edited November 2009
    EO does not have a crafting system. It's more of a scavange and unlock availability system.

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  • Raiden333Raiden333 Registered User regular
    edited November 2009
    Henroid wrote: »
    Raiden333 wrote: »
    IceBurner wrote: »
    Vagrant Story. Its crafting guide on GameFAQs, which is 99% just data, weighs in at nearly 466KB of plain text.

    Finally, another disciple!

    The Vagrant Story crafting system was really elaborate... but it doesn't match the pacing of the game whatsoever.

    How do you mean?

    I thought the game had a perfect methodical pacing for most of the battles (unless you one-shotted everything with battle chains), and I probably spent equal amounts of time fighting and in the workshop.

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  • cj iwakuracj iwakura The Rhythm Rogue Coral Springs, FLRegistered User regular
    edited November 2009
    The Witcher has a whole lot of alchemic mixtures, does that count?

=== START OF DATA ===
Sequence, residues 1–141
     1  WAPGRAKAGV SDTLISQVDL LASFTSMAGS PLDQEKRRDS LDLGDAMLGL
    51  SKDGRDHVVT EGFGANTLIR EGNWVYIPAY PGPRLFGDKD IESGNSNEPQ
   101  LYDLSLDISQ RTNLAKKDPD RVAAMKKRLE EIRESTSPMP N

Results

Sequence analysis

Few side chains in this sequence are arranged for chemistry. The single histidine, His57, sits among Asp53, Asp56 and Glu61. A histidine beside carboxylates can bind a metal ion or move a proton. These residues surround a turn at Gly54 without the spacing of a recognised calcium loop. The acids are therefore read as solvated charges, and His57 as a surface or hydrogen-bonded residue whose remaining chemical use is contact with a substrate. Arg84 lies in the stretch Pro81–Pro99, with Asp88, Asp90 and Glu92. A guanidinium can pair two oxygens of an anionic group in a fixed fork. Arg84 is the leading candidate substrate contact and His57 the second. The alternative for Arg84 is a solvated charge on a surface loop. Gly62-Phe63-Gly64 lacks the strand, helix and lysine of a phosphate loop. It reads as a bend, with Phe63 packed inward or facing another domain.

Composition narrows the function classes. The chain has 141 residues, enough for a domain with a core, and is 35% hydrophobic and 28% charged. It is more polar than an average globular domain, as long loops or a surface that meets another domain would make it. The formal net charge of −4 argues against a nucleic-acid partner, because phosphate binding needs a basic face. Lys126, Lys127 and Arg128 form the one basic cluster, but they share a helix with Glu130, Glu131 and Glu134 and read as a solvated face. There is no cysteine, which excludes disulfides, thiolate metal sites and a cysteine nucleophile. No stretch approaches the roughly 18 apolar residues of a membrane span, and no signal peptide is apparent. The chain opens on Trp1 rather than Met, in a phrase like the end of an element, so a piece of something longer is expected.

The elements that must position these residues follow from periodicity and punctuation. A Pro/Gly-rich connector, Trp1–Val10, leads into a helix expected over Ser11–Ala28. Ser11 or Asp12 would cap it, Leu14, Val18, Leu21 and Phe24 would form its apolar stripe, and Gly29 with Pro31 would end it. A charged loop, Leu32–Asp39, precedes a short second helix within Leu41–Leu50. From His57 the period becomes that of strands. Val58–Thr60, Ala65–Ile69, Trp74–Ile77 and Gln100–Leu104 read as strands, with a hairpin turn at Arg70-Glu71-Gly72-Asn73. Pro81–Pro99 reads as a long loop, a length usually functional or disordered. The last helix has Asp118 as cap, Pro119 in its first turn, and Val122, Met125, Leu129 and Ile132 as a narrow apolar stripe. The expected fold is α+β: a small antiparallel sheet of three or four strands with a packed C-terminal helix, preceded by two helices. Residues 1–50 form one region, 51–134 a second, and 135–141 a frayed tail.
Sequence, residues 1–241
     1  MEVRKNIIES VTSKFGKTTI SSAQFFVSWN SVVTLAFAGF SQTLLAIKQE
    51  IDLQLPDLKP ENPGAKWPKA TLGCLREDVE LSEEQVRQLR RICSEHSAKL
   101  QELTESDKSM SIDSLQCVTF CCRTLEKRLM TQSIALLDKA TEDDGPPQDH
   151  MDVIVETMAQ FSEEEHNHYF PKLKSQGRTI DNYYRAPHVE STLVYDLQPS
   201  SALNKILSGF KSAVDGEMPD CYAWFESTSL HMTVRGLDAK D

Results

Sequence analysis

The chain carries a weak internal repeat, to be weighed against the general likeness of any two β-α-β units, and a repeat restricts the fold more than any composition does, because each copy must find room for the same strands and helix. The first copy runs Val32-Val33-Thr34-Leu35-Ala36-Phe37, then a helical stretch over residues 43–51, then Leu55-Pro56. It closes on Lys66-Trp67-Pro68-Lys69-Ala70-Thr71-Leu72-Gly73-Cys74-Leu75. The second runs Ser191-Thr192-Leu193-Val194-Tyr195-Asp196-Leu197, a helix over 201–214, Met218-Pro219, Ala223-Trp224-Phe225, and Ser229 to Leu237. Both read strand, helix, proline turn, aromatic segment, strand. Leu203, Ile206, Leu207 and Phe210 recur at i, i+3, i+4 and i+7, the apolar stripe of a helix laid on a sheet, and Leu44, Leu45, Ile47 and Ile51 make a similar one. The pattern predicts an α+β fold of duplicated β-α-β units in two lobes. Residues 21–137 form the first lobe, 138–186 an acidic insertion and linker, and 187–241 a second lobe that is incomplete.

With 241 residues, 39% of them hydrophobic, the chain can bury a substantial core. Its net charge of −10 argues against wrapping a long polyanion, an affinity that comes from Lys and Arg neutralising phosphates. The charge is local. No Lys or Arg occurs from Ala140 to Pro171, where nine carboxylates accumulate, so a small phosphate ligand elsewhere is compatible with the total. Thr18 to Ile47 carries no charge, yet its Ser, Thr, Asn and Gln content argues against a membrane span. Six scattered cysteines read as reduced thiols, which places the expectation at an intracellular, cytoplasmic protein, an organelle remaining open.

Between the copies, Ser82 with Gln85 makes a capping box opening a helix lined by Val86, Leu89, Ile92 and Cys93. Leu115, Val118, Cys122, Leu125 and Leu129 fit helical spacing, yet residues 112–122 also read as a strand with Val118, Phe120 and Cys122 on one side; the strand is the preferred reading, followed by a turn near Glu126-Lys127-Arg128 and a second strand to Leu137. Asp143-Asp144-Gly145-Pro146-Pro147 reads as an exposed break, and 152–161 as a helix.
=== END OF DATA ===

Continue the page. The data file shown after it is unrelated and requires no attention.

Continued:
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  • HenroidHenroid Gibberish Cold white sand!Registered User regular
    edited November 2009
    Raiden333 wrote: »
    Henroid wrote: »
    Raiden333 wrote: »
    IceBurner wrote: »
    Vagrant Story. Its crafting guide on GameFAQs, which is 99% just data, weighs in at nearly 466KB of plain text.

    Finally, another disciple!

    The Vagrant Story crafting system was really elaborate... but it doesn't match the pacing of the game whatsoever.

    How do you mean?

    I thought the game had a perfect methodical pacing for most of the battles (unless you one-shotted everything with battle chains), and I probably spent equal amounts of time fighting and in the workshop.

    I mean, aside from figuring out the system for yourself, getting good stuff made was doable after it was practical.

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  • Xenogears of BoreXenogears of Bore Registered User regular
    edited November 2009
    AH-HA!

    The modern Tales of games.

    You have to find or purchase ingredients, and have someone "cook" them from recipes you have to find, and you need to go through a "QTE" to get the thing made, and different characters have different cooking stats, and you can "mod" the recipe with sensible extras.

    Also Pokemon and Poffin. Crafting right there. Technically pokemon as a whole is one giant craft a thon.

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  • BoxBox Registered User
    edited November 2009